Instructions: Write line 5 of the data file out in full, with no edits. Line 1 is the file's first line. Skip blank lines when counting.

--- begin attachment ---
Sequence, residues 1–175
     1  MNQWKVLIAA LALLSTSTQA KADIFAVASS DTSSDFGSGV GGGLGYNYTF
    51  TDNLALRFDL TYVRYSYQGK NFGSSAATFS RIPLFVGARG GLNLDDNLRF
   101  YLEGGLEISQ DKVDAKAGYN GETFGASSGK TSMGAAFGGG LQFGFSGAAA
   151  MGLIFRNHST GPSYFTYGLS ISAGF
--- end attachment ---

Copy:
   151  MGLIFRNHST GPSYFTYGLS ISAGF